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Twain: Collected Tales, Sketches, Speeches, and Essays: Volume 1: 1852-1890 and Mark Twain: Collected Tales, Sketches, Speeches, and Essays: Volume 2: 1891-1910 (Library of America)

Twain: Collected Tales, Sketches, Speeches, and Essays: Volume 1: 1852-1890 and Mark Twain: Collected Tales, Sketches, Speeches, and Essays: Volume 2: 1891-1910 (Library of America) (Hardcover) by Mark Twain (Author)

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Summary

Product Description (Volume 1)

A collection of Mark Twain's early writings begins with his first published work at age sixteen and includes a dazzlingly varied array of tall tales, short stories, essays, anecdotes, hoaxes, speeches, philosophies, fables, satires, and maxims.

Product Description (Volume 2)

A collection of Twain's writings from his later years includes first-rate pieces that should be better known, as well as previously uncollected works that reflect the inner workings of one of the keenest minds in American history.

Contemporary Review

A notice of Recent Literature of a contemporary collection of Twain's sketches

Reviews

Volume 1

5 out of 5 stars Mark Twain means "Deep Enough", July 17, 2001

By K. Zielinski (Detroit MI Area, United States) (REAL NAME)    

This book is a joy to read. Though not all the short works contained within are "classics", you will find satire, history, editorials, mischief, slices-of-life, without knowing by the title of any given work what you'll really be getting in the pages that follow (all part of Twain's desire to "stir the pot" and "zing" his readers)... As you will see from this book, Twain is not just a writer of the Mississippi River, but of Washington D.C., the Western U.S., Saloons, Trains, Parades, and much more. You won't be sorry with this high quality book.

4 out of 5 stars Mark Twain at his best, July 14, 2000

By Joaquin Jares (Argentina) (REAL NAME)    

This review is from: Twain: Collected Tales, Sketches, Speeches, and Essays: 2-volume set (Library of America) (Hardcover)

Mark Twain is well known for his Mississippi Novels and Historical Romances but it's on his Tales and Sketches where you can find the commical genious in him. It's in my opinion that it's an age span wich makes you like the most Tom Sawyer (8-12), The Prince and the Pauper (13-16) or The Diary of Adam and Eve (18-) and yet, in his complete tales you may find contents of interest for all kinds of readers. And you will never find a better edition than the one that Library of America has to offer. Hardcover, cloth wrapping and alk. paper makes the reading an extra pleasure over the one Mark Teain already gives you. Love Twain and love the edition.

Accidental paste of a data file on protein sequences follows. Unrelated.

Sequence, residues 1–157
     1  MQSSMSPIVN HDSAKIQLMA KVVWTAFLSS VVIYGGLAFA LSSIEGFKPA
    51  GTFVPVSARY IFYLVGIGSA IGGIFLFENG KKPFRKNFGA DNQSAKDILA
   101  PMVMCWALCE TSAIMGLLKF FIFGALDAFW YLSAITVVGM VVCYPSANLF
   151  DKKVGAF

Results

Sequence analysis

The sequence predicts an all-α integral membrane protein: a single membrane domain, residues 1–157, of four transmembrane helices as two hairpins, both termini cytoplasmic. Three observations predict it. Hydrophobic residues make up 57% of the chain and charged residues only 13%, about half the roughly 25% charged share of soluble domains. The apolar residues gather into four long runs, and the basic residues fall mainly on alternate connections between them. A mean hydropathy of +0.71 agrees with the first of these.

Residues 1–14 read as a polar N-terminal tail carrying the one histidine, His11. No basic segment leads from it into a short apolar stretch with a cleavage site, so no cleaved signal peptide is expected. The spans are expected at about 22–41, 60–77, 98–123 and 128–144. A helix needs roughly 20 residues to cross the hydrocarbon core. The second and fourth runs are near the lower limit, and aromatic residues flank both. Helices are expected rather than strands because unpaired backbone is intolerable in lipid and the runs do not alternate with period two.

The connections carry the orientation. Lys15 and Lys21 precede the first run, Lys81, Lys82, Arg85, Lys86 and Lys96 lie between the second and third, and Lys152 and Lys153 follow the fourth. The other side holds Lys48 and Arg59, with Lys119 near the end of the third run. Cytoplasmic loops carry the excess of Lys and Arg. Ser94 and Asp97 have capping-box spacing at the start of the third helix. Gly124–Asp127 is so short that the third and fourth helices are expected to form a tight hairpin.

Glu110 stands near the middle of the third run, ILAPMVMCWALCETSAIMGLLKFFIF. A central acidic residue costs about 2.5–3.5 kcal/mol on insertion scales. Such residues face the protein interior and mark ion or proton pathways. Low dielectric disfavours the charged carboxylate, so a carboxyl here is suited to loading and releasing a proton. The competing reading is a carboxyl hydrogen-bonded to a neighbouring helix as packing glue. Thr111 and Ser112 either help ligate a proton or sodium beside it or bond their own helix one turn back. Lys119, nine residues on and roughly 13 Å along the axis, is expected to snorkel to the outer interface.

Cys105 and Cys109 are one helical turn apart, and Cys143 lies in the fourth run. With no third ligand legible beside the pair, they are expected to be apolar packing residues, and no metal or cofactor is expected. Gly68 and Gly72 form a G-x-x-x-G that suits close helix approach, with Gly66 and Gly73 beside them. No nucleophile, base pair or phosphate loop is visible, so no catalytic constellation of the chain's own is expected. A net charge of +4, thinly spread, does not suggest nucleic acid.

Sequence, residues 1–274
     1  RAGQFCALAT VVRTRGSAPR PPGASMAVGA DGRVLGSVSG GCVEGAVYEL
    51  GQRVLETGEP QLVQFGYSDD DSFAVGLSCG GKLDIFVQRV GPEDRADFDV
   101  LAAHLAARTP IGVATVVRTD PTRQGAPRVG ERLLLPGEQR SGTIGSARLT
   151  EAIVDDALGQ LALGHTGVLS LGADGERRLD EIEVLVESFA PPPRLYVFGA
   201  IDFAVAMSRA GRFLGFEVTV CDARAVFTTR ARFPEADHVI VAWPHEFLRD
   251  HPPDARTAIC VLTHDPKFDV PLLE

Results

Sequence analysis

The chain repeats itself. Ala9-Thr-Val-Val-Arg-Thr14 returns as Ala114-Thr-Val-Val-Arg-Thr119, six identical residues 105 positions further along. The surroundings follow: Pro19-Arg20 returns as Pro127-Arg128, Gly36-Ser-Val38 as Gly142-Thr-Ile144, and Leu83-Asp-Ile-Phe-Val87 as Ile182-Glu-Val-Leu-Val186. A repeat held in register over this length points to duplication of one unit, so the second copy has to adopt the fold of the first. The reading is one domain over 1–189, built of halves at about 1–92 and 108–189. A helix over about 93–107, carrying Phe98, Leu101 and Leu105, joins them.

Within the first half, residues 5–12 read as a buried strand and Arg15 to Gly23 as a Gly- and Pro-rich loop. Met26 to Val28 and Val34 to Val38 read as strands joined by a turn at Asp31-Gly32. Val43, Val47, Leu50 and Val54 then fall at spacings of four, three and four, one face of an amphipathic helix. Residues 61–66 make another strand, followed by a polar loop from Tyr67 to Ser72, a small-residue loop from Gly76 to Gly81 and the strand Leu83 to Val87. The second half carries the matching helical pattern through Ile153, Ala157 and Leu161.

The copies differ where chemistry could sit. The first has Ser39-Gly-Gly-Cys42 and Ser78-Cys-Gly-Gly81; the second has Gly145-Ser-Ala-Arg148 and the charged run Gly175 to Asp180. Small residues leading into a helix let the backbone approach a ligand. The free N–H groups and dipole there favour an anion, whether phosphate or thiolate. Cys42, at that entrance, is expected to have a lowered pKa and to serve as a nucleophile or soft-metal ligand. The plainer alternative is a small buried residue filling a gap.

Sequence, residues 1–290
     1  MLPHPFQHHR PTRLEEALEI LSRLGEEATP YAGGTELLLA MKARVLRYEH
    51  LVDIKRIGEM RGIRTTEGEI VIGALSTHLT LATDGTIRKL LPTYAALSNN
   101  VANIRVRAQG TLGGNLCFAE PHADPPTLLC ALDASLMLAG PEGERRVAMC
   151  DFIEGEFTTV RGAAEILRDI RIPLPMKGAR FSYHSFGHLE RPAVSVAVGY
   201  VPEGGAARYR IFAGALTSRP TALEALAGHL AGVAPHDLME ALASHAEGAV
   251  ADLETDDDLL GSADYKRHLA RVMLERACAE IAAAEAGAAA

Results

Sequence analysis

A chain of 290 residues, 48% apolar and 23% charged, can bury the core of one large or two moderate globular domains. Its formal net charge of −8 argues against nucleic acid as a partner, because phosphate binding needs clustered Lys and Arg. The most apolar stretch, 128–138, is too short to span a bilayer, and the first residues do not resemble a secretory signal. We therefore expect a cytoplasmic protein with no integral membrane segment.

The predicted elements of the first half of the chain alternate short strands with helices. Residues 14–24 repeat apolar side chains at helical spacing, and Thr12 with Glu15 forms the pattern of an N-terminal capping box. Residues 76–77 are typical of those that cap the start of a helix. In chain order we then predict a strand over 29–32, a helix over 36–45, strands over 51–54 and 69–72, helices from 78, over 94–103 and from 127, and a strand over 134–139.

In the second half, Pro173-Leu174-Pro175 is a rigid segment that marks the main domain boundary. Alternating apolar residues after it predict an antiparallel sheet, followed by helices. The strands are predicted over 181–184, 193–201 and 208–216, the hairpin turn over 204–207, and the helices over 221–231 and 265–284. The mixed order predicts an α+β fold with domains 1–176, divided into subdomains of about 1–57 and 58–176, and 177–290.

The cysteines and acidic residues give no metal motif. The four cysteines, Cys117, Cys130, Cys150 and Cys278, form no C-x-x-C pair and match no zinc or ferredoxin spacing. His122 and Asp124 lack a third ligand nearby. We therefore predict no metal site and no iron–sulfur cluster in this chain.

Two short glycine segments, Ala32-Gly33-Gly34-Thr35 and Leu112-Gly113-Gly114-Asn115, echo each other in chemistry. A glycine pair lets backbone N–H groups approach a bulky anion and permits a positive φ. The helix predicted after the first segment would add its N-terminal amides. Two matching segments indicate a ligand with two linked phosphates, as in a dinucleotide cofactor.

Volume 2

5 out of 5 stars Good enough to purchase twice!, May 3, 2006

By I. Peek (Newark, DE) (REAL NAME)    

I came across this book in a used bookstore on a college campus. I purchased it without more than a few quick page flips to see the type of content. It didn't really matter, though as Twain is my favorite author. The "student" who owned this book previously underlined several passages extensively, and sloppily at that. If they had spent time reading Twain instead of trying to underline every phrase, it might have made a difference. On the other hand, perhaps they were blind, and wanted to underling the important phrases. It makes half of the book virtually illegible. So I purchased it new from amazon.com, along with the first volume, which I am sure will be as delightful.

This is a wonderful book (reading the legible half), and is now one of my favorites. Twain's essays and humorous bits are hilarious, and provide an excellent view into his opinions and life. His piece on cigars is hilarious, and the Adam's Diary selection is a must read.

5 out of 5 stars What a Character!, June 19, 2005

By Scott "Boom-Body" (Texas)

I've haven't even read one of Twain's novels, which no doubt makes me a heathen in the literary world, but I really enjoyed this collection of essays. Gosh, I would have loved to meet this guy. He seems as obnoxious as a professional wrestler, but has an uncanny talent for being right.

My favorite essay is, "A Cure For the Blues," where Twain endlessly rags on a popular author of the time. The guy may still be popular, I don't know, but Twain had plenty of reason to rag on him, and I really do consider Twain's critique to be a cure for the blues. It's hilarious.


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